"Here's a bunch of hospitals - make sure you chose the best one. Do you feel lucky?"
I'd much rather you made sure that it didn't matter which hospitals I went to.

People don't actually like lots of choice, academic research on jam shows that consumers are more likely to buy jam from a choice of 6 types than from a selection of 24 types, too much choice confuses and causes unhappiness. This chimes with my experience, to a large extent I've given up being a rational economic agent, live's too short to sweat over a choice of 100 different TVs.

This problem of ranking difficult to rank things is quite general, I experience it myself at work in my targets. I've come to the tentative conclusion that for people working in areas without clearly quantifiable outputs (number of strawberries picked, widgets sold, football games won), ranking really amounts to three buckets: sack, ok, promote. Your sack and promote buckets should really be pretty small. Yet we expend great effort on making more precise gradings. More interestingly I remember as I sat through an interminable college meeting discussing with an English fellow the marking of students. Normally for degree courses there's a certain amount of second marking, in physics where there are definite answers second marking works fairly well but for my colleague in English one marker could mark a First and the other a 2.2/3rd, for the same essay!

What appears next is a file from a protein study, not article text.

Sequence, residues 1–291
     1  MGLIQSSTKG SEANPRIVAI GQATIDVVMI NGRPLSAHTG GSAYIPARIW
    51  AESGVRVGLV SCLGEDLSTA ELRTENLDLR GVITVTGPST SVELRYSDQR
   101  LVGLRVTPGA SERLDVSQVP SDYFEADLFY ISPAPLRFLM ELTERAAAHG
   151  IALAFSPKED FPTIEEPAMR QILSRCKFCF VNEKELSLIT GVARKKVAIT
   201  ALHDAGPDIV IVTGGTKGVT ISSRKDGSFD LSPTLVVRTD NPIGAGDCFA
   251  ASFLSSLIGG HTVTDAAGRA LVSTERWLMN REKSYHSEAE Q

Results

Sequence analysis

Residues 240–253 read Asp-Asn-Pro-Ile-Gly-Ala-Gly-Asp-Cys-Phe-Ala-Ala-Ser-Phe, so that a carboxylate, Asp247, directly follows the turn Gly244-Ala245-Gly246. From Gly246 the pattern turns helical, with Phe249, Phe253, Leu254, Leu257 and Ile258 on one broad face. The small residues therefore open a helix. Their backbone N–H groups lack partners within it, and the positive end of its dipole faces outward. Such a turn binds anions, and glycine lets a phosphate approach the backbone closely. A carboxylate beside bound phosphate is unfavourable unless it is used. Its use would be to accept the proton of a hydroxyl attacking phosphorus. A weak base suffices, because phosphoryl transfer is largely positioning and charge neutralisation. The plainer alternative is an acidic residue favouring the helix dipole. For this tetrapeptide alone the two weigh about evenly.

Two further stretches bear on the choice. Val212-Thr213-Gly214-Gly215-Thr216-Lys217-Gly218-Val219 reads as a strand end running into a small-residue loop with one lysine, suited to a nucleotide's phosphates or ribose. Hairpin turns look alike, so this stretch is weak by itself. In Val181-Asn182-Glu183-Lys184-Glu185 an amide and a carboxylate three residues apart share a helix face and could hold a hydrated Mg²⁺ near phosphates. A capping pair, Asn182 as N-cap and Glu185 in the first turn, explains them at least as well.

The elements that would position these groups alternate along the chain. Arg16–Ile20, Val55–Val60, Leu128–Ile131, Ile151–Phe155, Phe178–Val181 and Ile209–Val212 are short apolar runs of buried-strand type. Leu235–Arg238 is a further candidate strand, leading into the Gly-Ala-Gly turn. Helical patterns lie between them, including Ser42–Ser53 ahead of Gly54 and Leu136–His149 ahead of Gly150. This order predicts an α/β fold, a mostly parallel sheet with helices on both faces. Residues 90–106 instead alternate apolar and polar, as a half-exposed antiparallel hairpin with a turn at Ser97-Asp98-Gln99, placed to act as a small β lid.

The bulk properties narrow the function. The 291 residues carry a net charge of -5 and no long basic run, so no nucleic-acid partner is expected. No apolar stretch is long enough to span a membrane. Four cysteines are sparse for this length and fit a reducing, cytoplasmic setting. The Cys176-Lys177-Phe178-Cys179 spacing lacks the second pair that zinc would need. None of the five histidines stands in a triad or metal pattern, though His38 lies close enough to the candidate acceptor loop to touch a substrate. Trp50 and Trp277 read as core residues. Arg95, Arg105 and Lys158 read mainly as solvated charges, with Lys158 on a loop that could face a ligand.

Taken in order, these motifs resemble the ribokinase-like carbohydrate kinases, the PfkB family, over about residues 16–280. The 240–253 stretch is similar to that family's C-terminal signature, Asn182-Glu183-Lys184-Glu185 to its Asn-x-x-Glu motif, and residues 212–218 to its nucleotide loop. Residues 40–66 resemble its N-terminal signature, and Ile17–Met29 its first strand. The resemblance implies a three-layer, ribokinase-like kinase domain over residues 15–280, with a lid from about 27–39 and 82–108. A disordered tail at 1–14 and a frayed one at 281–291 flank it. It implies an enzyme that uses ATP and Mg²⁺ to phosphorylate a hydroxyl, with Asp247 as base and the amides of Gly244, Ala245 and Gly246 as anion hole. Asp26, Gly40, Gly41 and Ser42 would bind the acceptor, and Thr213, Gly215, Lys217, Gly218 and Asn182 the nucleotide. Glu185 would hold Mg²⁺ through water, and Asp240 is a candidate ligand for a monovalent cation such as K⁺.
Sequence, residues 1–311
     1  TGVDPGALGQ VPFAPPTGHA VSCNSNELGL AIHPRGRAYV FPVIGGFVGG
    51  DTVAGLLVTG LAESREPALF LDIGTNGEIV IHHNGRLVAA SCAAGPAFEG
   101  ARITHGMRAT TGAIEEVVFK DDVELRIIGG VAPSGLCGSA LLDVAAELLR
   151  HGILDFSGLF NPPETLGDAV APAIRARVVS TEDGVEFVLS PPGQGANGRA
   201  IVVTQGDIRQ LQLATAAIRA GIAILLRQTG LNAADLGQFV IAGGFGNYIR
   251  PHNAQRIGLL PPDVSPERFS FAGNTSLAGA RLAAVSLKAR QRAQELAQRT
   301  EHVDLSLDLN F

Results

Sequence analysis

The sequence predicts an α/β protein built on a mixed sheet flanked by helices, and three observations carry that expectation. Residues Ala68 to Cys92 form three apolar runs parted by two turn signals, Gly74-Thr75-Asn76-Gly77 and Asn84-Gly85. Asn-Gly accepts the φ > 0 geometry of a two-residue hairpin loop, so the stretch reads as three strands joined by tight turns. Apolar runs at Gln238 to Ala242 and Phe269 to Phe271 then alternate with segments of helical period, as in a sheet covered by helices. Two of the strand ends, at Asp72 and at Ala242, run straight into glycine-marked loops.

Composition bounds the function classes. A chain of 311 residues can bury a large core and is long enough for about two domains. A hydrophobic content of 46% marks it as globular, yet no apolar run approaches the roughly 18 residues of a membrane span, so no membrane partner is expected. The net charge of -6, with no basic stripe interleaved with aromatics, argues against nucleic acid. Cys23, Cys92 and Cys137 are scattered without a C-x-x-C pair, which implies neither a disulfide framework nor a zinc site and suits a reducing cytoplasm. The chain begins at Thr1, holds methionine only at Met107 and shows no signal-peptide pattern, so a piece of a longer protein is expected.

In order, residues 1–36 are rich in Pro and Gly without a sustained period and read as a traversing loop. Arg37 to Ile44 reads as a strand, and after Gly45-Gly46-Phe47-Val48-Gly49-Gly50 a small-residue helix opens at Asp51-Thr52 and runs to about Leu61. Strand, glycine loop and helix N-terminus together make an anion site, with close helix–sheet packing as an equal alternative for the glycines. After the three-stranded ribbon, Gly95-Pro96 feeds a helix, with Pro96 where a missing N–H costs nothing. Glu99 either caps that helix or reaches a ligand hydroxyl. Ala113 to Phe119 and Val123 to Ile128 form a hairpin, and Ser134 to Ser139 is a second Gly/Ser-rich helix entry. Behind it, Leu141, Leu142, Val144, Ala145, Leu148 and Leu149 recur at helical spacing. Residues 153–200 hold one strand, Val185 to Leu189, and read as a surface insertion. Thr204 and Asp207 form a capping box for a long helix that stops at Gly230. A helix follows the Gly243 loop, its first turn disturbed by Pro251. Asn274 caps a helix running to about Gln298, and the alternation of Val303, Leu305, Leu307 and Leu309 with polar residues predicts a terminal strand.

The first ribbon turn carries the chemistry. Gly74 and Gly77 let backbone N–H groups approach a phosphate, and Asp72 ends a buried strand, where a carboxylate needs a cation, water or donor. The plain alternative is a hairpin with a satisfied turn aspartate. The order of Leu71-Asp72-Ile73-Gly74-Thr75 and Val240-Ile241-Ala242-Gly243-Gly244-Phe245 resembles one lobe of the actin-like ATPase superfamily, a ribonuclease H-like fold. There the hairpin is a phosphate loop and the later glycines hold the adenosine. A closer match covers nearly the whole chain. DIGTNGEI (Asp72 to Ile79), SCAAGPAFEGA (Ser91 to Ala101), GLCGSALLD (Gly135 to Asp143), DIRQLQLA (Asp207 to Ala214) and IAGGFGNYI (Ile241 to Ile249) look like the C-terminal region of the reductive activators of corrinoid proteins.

Don't give me choice, give me uniformity!

6 comments:

Nora Lumiere said...

I love "Trainspotting", such good writing. (That was when Danny Boyle still make proper movies.)